Søren (After Rowan Williams’ “Rublev”)

http://philosophynow.org
http://philosophynow.org

The Messiah came one day, tattered in Adam’s rags,
ragged and anxious from the moment of sin,
sick nearly to death.

I said, My father has betrayed you
and I have chased dead beauty.
Sit ragged with me by my hearth.

I too wear scars: do you know them?
These the contours that choice has worn
and the schisms of my youth.

Sit, Christ said, eternally. My hands have scars to hold.
Come, throw past curses into iceworn fields;
now is the moment of eternal breath.

See “Rublev” by Rowan Williams here.

Morning Heart (After Rowan Williams’ “First Thing”)

In my last steps of dream, I am running,
carefully conscious of each footstep,
prayers in sync with my hesitant freedom.
Steps unfold as sun gathers mind up;
day summons up the light to enter, to command.
Yet first the halfway time, the thought
that what the day holds in its hands can hurt
more than night, more than the half-death
of sleep. Prayer holds; dream’s footsteps linger
and patter the day into being. Rise:
the night has not crushed, the sun will not harm.
Unknowing morning beckons.

Concerto No.4 (After Rowan Williams’ “Bach for the Cello”)

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Bach’s ‘Cello Suites are for me the supreme example of contemplation in music. They don’t deal with the emotions very much, there is nothing spectacular but just a single line unfolding itself. And I always see it as a kind of silver line in the middle of darkness…

Rowan Williams

As a child, I adored Bach’s Brandenburg Concerti, especially No.4. Today’s poem, prompted by Rowan Williams’ poetic tribute to Bach’s Cello suites, takes that magnificent and rich piece as its inspiration – as well as its composer, for whom music existed “for giving honour to God and for the permissible delight of the soul”.

 

Concerto No.4 (After “Bach for the Cello”)
Polyphony dances the three-in-one’s consummate joy.
Staves undulate, conflicting as the cantor
gathers multiples together.
 
Where strings’ thrum and wood’s wind intersect,
there the rejoicing ordinary is captured,
beneath manifold sound:
 
Mourning and marriage run deep together;
necessity, glory, a prince’s pleasure,
all find common, circling breath,
interweaving soft as light,
 
The soul’s delight.

 

Bach for the Cello – Rowan Williams
 
By mathematics we shall come to heaven.
This page the door of God’s academy
for the geometer.
 
Where the pale lines involve a continent,
transcribe the countryside of formal light,
kindle with friction.
 
Passion will scorch deep in these sharp canals:
under the level moon, desire runs fast,
the flesh aches on its string,
without consummation,
 
Without loss.
(From The Poems of Rowan Williams, Grand Rapids: Wm Eerdmans, 2002)

Now I tell you (After Rowan Williams’ “Great Sabbath”)

Image: detail from Carl Bloch, "Sermon on the Mount"
Image: detail from Carl Bloch, “Sermon on the Mount”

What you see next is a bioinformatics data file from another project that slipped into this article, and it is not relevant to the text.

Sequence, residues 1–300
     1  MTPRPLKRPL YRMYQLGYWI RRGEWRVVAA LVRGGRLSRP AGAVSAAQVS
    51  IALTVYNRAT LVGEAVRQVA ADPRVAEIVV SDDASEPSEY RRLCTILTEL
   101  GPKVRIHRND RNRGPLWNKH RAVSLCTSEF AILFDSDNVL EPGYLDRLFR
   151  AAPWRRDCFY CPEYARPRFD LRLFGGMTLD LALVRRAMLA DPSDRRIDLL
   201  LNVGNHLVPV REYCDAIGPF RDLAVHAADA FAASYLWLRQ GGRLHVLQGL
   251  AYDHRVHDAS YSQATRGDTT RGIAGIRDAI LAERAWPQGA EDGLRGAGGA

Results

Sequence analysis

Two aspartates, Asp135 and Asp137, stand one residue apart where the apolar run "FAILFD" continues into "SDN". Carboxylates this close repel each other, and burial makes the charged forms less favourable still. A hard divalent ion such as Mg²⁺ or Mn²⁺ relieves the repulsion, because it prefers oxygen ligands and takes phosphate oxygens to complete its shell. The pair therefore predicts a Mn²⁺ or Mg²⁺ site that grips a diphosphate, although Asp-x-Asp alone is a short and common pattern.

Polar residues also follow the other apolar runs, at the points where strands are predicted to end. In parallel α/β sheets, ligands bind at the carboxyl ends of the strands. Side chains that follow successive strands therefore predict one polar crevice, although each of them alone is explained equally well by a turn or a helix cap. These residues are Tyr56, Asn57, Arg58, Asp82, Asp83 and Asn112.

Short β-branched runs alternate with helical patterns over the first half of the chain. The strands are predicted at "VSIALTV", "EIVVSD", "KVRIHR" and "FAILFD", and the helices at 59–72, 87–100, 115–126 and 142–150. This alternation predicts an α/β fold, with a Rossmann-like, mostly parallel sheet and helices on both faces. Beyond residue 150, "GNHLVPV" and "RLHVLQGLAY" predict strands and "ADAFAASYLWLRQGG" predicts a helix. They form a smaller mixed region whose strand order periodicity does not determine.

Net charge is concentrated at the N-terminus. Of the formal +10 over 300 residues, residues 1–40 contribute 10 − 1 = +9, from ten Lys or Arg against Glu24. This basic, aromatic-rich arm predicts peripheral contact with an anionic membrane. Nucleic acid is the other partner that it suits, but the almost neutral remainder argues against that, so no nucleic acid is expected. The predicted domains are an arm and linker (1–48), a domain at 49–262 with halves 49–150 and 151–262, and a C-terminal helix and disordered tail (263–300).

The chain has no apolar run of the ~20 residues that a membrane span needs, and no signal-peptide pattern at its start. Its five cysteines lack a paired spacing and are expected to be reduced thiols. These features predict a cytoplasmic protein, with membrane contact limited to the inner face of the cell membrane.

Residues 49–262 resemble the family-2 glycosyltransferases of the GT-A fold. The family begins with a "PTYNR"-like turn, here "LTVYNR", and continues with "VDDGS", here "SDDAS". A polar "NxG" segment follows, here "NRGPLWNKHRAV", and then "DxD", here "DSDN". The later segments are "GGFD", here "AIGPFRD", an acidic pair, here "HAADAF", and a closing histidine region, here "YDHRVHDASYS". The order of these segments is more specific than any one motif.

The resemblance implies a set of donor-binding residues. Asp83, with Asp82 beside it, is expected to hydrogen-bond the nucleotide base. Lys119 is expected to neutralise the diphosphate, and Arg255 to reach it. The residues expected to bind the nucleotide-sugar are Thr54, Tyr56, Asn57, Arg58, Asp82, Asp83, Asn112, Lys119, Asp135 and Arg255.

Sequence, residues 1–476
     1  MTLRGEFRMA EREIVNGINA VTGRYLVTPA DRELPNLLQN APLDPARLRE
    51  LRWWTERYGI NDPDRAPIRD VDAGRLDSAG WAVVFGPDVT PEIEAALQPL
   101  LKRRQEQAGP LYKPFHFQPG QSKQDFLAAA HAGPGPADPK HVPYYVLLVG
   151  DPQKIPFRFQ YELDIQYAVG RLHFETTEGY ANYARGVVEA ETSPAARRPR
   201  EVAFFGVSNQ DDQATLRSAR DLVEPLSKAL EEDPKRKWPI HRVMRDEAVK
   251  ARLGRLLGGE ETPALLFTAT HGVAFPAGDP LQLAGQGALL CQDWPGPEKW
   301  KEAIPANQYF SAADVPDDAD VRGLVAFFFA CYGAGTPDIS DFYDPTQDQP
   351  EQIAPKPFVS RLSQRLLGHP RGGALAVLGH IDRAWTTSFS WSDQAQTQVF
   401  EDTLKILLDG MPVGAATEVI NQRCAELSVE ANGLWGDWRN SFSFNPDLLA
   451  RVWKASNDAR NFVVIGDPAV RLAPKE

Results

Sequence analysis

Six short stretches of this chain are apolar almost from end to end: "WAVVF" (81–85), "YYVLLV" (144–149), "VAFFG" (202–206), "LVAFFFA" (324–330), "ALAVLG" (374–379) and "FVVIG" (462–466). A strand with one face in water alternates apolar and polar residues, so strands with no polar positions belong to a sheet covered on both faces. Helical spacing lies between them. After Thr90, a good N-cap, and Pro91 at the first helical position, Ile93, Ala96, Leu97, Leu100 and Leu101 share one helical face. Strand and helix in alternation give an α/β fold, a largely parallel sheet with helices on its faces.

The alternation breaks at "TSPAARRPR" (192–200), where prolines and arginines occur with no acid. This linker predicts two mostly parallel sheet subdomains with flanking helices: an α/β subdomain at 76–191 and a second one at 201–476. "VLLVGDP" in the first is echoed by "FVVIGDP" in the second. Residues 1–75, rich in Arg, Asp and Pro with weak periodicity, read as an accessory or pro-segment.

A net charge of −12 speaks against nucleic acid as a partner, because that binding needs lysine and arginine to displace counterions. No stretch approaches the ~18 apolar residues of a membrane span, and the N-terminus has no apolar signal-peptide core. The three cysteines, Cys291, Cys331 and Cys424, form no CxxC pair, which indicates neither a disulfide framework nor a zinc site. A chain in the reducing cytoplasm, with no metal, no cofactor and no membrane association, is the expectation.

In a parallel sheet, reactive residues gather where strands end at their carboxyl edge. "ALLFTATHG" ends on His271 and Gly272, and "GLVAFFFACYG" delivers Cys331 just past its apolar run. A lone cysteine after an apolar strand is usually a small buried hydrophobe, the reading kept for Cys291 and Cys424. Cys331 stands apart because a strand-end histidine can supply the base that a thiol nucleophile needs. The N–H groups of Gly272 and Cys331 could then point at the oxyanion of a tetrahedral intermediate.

Well, it’s high time that I got down to sharing with you some of the quite extraordinary poetry of former Archbishop of Canterbury, Rowan Williams. When Williams became Archbishop, many were unsure of his theology or what he stood for in his faith. Yet read his poetry and you see that, at heart, he is a poet: both a blessing and a curse, because poetry is full of nuance and complexity, something which can both aid and challenge our understanding of orthodox faith.

Today’s poem is based on Williams’ poem “Great Sabbath” (not readily available online, sadly, but you can view it here courtesy of Google Books). One of Williams’ gifts as a poet is his use of camouflage: the way that both his poetic form and the Biblical truths in his poetry creep up on you unexpected. So, to let my poem and his speak for themselves, I will say no more.

 

Now I tell you (After “Great Sabbath”)

Once before, they’d gathered by a peak
While gnats and flies buzzed around sore ears
And sun beat down on dull heads. It was a time
When mountain peaks had seemed too tall to climb
And law, they’d reasoned, must come to meet them here.
Yet law, tenacious, raised its voice to speak

In volumes which could never be ignored.
Higher than their ears could reach, it had come
Down to their dark, while scent of melted gold
And stink of drink and hot revelry turned cold
Lingered with them, and the righteous sun
Had blasted into every hidden store.

Today, the day at zenith, the sun burst
Across the bright-lit ridge where he stood.
Ears itched to hear his new-fangled thoughts:
Would he teach them a battle-cry? Sharp retorts
To put tyrants and bullies in their place for good?
The air rustled, scalps burned, and at first

They thought they heard familiar strains of songs
Taught at bedsides by mothers, aunts: that word,
Blessed, a promise of no-one begging bread
And lands overflowing. (Milk and honey, they’d said.)
Today was dry; heat ate up much of what they heard.
Yet here and there a shock: cheeks turned toward wrongs,

The extra mile walked, the second tunic given.
Here, Simeon knew Eli still had his shirt
And Eli frowned when Enoch passed him by.
Hearts had excuses, but still the same reply:
A hand which rose to take in every hurt,
A back which gladly let itself be riven.

What, then, was blessing? A code? Sheer wordplay?
Some scratched their heads, others left for softer fare;
Some stayed, ears prickly, consciences seared.
Yet something of sheepish hope also appeared,
And as he paused, his lips a constant prayer,
He burnt their hearts with all his brightest day.